PITAC wins a reprieve

"Digital Libraries: Universal Access to Human Knowledge"

The White House's top advisory panel on information technology will live on, at least briefly.

The President's Information Technology Advisory Committee was to be disbanded midnight Feb. 11, but President Bush signed an executive order extending the panel's life until June 1.

PITAC, a group of 30 IT experts from industry and academia, was formed in February 1997 under an executive order signed by President Clinton. The committee was supposed to exist for four years.

The committee advised Clinton on many IT matters. It advocated the development of open-source software and centralized management of IT within the federal government.

At the committee's quarterly meeting this month, co-chairmen Irving Wladawsky-Berger and Raj Reddy said they want PITAC to continue under the Bush administration. The short extension will allow the new administration to take a look at the committee and determine how it can assist in federal IT policy planning, Reddy said.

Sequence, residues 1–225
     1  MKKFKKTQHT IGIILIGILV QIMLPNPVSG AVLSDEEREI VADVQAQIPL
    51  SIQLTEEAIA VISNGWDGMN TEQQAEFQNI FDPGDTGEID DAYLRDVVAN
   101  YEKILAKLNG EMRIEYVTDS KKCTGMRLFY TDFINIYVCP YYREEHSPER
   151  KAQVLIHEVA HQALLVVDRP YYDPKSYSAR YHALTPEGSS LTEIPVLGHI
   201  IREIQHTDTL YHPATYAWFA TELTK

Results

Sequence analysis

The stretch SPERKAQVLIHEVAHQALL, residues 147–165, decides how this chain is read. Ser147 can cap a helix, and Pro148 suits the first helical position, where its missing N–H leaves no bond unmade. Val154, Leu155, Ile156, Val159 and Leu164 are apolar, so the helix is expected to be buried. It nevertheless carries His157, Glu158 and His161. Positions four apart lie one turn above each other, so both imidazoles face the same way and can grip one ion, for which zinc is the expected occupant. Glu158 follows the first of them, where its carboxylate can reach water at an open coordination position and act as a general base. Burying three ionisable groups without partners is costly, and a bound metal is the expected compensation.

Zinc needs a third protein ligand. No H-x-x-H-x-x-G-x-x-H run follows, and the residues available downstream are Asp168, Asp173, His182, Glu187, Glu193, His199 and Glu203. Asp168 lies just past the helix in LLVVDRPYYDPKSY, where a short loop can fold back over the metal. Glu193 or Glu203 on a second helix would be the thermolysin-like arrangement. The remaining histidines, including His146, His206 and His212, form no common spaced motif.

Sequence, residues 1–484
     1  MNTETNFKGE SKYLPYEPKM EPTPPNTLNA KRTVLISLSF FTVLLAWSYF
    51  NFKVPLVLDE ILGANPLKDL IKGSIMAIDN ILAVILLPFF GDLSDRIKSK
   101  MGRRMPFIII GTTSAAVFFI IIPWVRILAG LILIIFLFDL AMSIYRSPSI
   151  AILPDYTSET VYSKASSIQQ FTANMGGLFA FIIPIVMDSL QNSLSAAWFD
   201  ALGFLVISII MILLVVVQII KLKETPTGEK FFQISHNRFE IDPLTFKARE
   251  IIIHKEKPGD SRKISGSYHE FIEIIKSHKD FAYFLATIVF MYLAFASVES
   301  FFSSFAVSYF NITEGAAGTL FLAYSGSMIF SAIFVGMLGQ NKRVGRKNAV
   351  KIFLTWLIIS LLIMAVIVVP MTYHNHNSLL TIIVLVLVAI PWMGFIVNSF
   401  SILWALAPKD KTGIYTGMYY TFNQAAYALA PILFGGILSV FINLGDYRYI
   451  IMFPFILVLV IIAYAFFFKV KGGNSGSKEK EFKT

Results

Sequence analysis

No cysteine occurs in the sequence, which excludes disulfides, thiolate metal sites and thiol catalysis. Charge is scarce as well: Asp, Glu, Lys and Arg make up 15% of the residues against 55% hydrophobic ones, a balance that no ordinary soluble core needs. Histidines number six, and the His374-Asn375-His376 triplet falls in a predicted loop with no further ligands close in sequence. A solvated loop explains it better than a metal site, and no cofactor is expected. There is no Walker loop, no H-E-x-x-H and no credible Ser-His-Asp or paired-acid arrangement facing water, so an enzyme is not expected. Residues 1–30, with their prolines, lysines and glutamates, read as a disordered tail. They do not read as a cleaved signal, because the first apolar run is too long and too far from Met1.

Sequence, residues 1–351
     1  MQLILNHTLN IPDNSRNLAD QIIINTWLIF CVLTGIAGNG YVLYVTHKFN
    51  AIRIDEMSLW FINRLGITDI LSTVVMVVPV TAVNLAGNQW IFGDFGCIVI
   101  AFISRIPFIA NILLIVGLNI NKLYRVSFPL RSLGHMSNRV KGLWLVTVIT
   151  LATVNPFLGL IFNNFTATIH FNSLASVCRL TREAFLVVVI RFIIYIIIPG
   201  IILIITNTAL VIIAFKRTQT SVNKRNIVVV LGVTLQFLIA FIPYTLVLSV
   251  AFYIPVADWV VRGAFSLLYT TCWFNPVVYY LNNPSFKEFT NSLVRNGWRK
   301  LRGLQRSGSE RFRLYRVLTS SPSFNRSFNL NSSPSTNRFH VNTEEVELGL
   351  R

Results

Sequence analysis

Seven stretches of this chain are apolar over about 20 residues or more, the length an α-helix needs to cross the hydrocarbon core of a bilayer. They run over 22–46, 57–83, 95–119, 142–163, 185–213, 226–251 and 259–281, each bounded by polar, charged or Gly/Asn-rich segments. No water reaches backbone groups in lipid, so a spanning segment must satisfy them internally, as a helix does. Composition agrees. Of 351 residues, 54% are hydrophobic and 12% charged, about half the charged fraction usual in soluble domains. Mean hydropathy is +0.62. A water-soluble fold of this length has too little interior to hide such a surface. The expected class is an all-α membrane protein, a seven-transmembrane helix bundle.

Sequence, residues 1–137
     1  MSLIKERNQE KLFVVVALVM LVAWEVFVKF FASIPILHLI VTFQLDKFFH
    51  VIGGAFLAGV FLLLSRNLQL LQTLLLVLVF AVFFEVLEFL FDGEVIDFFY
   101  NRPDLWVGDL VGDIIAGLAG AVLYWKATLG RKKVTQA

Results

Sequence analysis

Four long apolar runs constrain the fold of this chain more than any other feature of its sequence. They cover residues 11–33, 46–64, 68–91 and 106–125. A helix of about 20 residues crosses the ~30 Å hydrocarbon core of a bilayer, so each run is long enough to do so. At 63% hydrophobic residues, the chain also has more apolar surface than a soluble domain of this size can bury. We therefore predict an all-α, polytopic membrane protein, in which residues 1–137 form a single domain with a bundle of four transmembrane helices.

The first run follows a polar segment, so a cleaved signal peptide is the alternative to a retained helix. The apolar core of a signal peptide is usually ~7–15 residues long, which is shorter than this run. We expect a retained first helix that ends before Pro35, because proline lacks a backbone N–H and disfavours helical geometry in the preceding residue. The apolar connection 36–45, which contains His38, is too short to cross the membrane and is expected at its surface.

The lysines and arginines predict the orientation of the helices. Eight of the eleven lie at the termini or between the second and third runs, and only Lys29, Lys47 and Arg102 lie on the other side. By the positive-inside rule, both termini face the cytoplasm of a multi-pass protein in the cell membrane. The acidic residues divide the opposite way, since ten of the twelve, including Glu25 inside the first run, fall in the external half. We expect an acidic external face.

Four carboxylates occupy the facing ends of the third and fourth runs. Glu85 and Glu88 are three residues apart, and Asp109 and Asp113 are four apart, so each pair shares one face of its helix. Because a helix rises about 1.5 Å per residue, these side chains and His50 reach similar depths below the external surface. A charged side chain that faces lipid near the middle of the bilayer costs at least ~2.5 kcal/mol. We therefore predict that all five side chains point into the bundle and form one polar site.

"They are trying to figure out what they want to do in the information technology area, but at the same time they do not want to drop something because of inattention," he said. "If they simply extend [the committee's life] for three years without looking at it, then that would show that they didn't really understand it."

Earlier this month, the committee released reports recommending the expanded use of IT in the health care and education systems, and in the development of digital libraries that allow access to vast collections of knowledge worldwide.

Featured

  • IT Modernization
    shutterstock image By enzozo; photo ID: 319763930

    OMB provides key guidance for TMF proposals amid surge in submissions

    Deputy Federal CIO Maria Roat details what makes for a winning Technology Modernization Fund proposal as agencies continue to submit major IT projects for potential funding.

  • gears and money (zaozaa19/Shutterstock.com)

    Worries from a Democrat about the Biden administration and federal procurement

    Steve Kelman is concerned that the push for more spending with small disadvantaged businesses will detract from the goal of getting the best deal for agencies and taxpayers.

Stay Connected